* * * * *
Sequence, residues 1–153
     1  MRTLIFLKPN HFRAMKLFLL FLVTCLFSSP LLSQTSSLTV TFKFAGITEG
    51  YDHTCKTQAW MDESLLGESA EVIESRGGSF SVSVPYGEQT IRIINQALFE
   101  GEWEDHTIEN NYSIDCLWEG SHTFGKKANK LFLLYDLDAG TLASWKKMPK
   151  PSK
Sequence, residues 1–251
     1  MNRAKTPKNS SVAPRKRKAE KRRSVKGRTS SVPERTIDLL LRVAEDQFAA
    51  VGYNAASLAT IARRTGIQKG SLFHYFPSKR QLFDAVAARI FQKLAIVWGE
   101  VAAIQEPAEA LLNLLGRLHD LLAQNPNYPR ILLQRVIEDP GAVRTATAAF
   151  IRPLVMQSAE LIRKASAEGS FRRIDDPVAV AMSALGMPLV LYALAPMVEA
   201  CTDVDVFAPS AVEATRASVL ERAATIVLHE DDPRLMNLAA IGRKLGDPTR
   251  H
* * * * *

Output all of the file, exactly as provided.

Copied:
Sequence, residues 1–153
     1  MRTLIFLKPN HFRAMKLFLL FLVTCLFSSP LLSQTSSLTV TFKFAGITEG
    51  YDHTCKTQAW MDESLLGESA EVIESRGGSF SVSVPYGEQT IRIINQALFE
   101  GEWEDHTIEN NYSIDCLWEG SHTFGKKANK LFLLYDLDAG TLASWKKMPK
   151  PSK
Sequence, residues 1–251
     1  MNRAKTPKNS SVAPRKRKAE KRRSVKGRTS SVPERTIDLL LRVAEDQFAA
    51  VGYNAASLAT IARRTGIQKG SLFHYFPSKR QLFDAVAARI FQKLAIVWGE
   101  VAAIQEPAEA LLNLLGRLHD LLAQNPNYPR ILLQRVIEDP GAVRTATAAF
   151  IRPLVMQSAE LIRKASAEGS FRRIDDPVAV AMSALGMPLV LYALAPMVEA
   201  CTDVDVFAPS AVEATRASVL ERAATIVLHE DDPRLMNLAA IGRKLGDPTR
   251  H